Saturday, April 24, 2021


You think your country is fucked up?  There's lots in here to ponder about the plight of France, which seems like the new woke consensus of the liberal elites, on steroids.  "The Secession of French Elites" (Durocher). Some examples (though I would question the bona fides of Jewish parents whining about bullying, as it fits a certain pattern of manipulative behavior which we see over and over again):

"City-centers have become gentrified with high property prices. In the 1980s, workers and non-managerial employees typically made up around 55% of residents in cities like Lyon, Toulouse, Strasbourg, and Nantes. Today, they make up only around a third, having been replaced by urban professionals (p. 99).

Social inequalities are also evident in the growing popularity of private schools. In France, private schools essentially mean Catholic schools and used to be attended not so much because of class divides but because of religious preference. Now, wealthy people are more over-represented in the private school system, anxious parents doing what they can to escape the declining public schools. This phenomenon is most severe in the major cities such as Paris and Marseille, where vast swathes of the public student body has been Afro-Islamized.

France’s new black or Muslim inhabitants are generally less sensitive to issues of anti-Semitism or the sanctity of the holocaust. Bullying of Jews by Muslims is supposed to be so widespread that it is said that there is not a single Jewish pupil left in the public schools of Seine-Saint-Denis, the vast Afro-Islamic-majority county making up the northeast corner of greater Paris. Two thirds of Jewish parents who opt to send their children to Jewish schools say they fear their child will be attacked for being Jewish (p. 212)."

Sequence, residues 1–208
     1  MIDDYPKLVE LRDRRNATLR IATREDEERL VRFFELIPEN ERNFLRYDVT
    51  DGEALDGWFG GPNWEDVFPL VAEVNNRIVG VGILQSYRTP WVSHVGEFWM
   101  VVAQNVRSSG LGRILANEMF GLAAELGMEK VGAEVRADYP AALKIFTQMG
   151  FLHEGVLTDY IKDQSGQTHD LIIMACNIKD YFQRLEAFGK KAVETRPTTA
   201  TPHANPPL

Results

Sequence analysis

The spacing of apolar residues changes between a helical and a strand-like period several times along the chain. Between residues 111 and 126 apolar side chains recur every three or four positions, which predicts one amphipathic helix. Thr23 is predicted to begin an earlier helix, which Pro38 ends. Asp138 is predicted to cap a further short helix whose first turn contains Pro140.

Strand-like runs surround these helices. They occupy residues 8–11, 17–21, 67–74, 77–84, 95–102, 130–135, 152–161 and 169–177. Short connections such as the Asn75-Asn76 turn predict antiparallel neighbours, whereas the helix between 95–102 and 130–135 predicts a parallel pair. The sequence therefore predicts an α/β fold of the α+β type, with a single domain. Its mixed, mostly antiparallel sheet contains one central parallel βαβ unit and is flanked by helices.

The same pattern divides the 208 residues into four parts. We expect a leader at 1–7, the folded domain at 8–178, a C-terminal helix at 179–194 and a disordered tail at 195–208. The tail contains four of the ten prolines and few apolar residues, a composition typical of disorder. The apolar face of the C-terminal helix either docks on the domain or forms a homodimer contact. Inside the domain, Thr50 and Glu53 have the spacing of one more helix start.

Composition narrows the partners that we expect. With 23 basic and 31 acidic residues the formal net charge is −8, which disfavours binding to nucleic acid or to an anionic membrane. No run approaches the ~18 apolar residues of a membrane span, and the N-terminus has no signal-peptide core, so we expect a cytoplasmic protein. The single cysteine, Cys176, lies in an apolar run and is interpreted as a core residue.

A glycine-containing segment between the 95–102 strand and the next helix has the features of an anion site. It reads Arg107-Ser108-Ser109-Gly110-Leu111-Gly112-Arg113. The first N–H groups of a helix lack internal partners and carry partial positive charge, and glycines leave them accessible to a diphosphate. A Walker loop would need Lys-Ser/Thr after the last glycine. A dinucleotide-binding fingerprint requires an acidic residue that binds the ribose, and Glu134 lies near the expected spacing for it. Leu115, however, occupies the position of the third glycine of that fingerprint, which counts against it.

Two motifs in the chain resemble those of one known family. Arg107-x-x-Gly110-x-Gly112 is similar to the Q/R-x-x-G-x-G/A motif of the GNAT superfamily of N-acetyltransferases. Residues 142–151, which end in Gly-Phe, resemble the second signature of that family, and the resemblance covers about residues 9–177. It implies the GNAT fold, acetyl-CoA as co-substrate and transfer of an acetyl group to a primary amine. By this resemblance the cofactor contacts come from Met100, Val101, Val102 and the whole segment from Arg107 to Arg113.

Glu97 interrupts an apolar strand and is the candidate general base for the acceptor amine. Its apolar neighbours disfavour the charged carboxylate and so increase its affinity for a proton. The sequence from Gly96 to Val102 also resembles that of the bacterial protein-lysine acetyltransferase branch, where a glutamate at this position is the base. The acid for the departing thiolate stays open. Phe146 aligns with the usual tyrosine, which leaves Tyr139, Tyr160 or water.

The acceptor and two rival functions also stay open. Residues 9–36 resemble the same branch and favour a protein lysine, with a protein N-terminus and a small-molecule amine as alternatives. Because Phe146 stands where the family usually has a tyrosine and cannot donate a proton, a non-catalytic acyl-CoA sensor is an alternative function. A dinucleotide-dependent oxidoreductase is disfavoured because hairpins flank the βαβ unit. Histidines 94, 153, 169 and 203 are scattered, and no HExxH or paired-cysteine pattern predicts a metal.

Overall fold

"The share of students from poorer families has collapsed in France’s elite schools. The famous École nationale d’Administration, the Haute École de Commerce (the top business school), and other elite schools have seen the share of lower-class students fall from 29% in 1950 to 9% in the 1990s. Today, children of managers and members of the upper classes make up 85% of students (p. 102). Whether this is due to cognitive stratification or nepotism, elite and working classes are more and more separated."
"Fourquet persuasively argues that the physical and cultural secession of the upper echelons of French society was a crucial factor in enabling the election of the centrist-globalist Emmanuel Macron to the presidency. He observes: “A symptom of the magnitude of this exodus of French vital forces and wealth is the fact that electoral candidates now do the circuit of foreign capitals to raise funds” (p. 352). During the 2017 presidential campaign, Macron went to London six times to raise funds among French expats, many of whom worked in the City, and expats in expensive destinations overwhelmingly voted for him (San Francisco, Washington DC, Montreal . . .).

During the campaign, early support for Macron correlated with the amount that people paid for property tax, on which he had specifically proposed a tax break. More generally, the single best predictor for support for Macron is educational achievement, with the less educated conversely tending to support Marine Le Pen and/or the Yellow Vests. France is cognitively, temperamentally, and economically stratified between “open-winners” and “closed-losers” (p. 272), or “people of anywhere” and “people of somewhere.”"

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